APRIL 2, 2024

Editor’s Notebook: Reminders from the News

I’m forced to keep some track of defense gun uses and gun accidents as part of my job. I keep an eye out for issues that become “learning moments” for me, as well as for others. One way to do that is to subscribe to blogs, news aggregators and “follow” people who, like me, see a need to look out for trouble.

Off-body carry, a bad idea, is made worse when the gun is carried loose in the container with no holster covering the trigger guard. In the present case, a clip-on IWB clipped inside the bag would be a little better. Wearing the gun on your person is vastly better.

One asset is Stephen Wenger’s “DUF Digest” (that’s “Defensive Use of Firearms”). As he notes on his web page, it’s a “free digest of news and other material on tactics and defense of our rights. The excerpts that serve as introduction to the links usually include some of (his own) comments.”

On the same day, we see a “rules violation,” a firearms incident that led to negative outcomes (in the words of our Tactical Professor, who likewise keeps an eye out for mistakes of gun owners) and a “failure to do right” in terms of firearms use methods.

The rules violation was (in a sense) a “Rule 5” issue. Rule 5 was a concept I first noted from Mr. Wenger’s work. In my own lingo, it’s “failure to maintain control of defense equipment.” In the present case, it’s the wrong gun, in the wrong place at the wrong time – and a lack of awareness of the threat it posed.

Add a thumb safety? A mechanical safety wouldn’t hurt the situation, but it’s not as good as having a holster.

A 13-year-old girl was fatally shot by accident in the Nashville TN area. Her mother said that she carried an unholstered 40-caliber auto in her purse “with other items.” The news report related that “ … it went off as she (the mother) was attempting to retrieve her keys from the purse.” The projectile struck the child, causing the fatal wound.

Investigation continues, as they say.

Carry of sidearms loose in a bag with other items is problematic. It’s clearly a Rule 5 issue (having control of it means that the muzzle was maintained in the safest available direction – fail – and keeping anything from touching the trigger, likewise.)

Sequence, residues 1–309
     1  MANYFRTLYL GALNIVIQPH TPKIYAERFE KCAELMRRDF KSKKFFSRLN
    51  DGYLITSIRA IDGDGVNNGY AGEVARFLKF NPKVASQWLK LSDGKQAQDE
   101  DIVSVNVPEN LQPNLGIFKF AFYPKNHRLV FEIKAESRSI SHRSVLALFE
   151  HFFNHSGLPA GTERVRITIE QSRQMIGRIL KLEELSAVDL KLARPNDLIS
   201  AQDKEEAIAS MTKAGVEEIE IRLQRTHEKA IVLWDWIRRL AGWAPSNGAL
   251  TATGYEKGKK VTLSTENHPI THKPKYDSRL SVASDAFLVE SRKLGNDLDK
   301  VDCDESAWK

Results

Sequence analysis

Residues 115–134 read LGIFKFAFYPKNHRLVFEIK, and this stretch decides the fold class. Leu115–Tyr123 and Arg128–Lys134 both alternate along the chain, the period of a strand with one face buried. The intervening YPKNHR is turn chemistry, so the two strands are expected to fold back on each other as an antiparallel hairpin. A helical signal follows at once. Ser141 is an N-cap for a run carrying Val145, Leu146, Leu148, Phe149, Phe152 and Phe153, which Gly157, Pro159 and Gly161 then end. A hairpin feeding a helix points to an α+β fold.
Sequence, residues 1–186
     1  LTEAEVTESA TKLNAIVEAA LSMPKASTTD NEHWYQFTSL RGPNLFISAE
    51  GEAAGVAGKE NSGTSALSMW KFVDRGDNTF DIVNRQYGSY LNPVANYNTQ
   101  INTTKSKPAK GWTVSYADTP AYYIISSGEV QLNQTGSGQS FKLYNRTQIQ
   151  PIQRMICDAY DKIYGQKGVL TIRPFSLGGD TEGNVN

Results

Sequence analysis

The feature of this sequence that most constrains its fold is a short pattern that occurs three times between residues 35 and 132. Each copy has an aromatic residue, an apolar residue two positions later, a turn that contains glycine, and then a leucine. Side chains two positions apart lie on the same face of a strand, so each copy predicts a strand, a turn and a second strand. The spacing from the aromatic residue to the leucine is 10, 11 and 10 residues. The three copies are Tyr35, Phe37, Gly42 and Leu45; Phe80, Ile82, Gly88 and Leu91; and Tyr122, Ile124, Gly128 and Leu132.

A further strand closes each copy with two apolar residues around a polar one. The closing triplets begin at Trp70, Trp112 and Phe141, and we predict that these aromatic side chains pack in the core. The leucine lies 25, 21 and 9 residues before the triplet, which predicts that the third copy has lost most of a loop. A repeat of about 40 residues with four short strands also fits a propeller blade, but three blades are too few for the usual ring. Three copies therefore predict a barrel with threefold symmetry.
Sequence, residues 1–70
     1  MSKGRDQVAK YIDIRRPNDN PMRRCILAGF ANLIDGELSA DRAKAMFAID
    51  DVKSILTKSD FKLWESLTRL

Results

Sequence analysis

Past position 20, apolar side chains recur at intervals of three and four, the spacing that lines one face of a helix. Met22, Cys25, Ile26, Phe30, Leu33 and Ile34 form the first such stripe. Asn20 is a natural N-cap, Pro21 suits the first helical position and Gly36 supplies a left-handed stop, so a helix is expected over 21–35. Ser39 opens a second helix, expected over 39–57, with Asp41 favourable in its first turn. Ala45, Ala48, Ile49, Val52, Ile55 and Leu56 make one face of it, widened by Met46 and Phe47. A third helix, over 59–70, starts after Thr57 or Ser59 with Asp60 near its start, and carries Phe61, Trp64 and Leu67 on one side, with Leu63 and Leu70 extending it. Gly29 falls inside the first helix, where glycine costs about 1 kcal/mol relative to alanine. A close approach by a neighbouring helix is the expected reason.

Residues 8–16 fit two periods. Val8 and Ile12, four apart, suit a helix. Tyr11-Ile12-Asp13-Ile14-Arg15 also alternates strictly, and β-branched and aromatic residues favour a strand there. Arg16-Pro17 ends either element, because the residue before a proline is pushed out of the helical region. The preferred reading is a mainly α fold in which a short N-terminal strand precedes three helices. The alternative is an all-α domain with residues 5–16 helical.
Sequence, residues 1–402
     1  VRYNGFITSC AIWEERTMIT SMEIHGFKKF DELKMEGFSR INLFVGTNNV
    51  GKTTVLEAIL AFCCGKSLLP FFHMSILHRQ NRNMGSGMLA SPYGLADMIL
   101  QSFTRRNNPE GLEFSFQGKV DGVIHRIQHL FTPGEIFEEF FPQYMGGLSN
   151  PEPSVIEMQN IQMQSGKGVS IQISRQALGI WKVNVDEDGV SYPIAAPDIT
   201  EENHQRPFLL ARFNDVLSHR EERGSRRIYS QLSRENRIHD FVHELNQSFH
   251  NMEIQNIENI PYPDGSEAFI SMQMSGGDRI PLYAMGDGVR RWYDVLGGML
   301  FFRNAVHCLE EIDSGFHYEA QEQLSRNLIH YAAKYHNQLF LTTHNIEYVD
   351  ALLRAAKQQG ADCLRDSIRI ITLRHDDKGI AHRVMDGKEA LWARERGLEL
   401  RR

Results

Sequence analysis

One “Rules” violation cascaded into others, as it too often happens.

Why is a purse a lousy place to have a handgun? Let me count the ways … but it could have been a briefcase, a fanny pack or camera bag – anything that would be a prime target for muggers.

As Stephen notes, there are ways to “secure” guns in bags – a dedicated purse designed for carry of a gun, a trigger guard cover/minimalist “holster” that covers only the trigger guard area, or the gun in a holster in a bag.

I’m not sure I’m worried about the legal aftermath; the depth of despair a parent must have at such a turn of events is vastly more destructive.

So you’ll have time (and two hands) to draw and chamber a round? Perhaps you will, but if it’s unsafe to holster with a loaded chamber, what do you do when the fight is over – and people milling around, other potential threats in the area, responding police or armed citizens? Going to clear the chamber then? Can you?

In the same news digest issue, he lists an “empty-chamber” fail. Apparently, there are still those who believe that they can predict when things will get dangerous, so they insist on carrying a pistol half-loaded.

The handgun is an emergency rescue tool, good in very few situations. If it’s truly needed, there’s nothing else that will do. Making it more difficult to get it going is a sucker’s bet.

For this one, we go to the Memphis TN area, where a shopper got into an altercation with a man who hit a woman in the face. When he inquired into the situation, the offender struck him. This was followed by the Good Samaritan being shot by the assaultive personality. The victim took nine hits, seriously injured.

When asked about the police report that noted that he exchanged gunfire with his attacker, he said “his gun wasn’t ready for any exchange of gun fire.”

“Yeah, I had a firearm on me, but I didn't have it engaged. I had just left home, didn't feel a need to have something in the head. And that's how he was able to shoot me. And I wasn't able to shoot back,” the victim said.

You don’t need to carry empty chamber with this; and it’s vastly better than nothing. In some cases, it can be the best choice.

I’m detecting a pattern here. If you’re so worried about the loaded auto pistol “just going off,” by all means select a revolver. If you have to carry the gun half-loaded, leaving at home combined with minding your own business could prevent a number of surgical interventions – apparently our victim in this case has had surgical treatment already and faces having more.

For those who recall their military service with an empty chamber over five rounds of ball in the magazine and for those who are fond of the so-called “Israeli” carry method (“it works for them”), I recommend you rethink your tactics.

Even if you successfully defend yourself by shooting, you’ll still have to unload the chamber to “make it safe” (sic) again – and that’s in the aftermath of a near-death encounter.

That’s something else that just isn’t going to happen.

It helps for us to learn from the mistakes of others – and to thank God we didn’t yet make those same mistakes. It’s not dumping on the victims; it’s paying them back for teaching us the lesson.

— Rich Grassi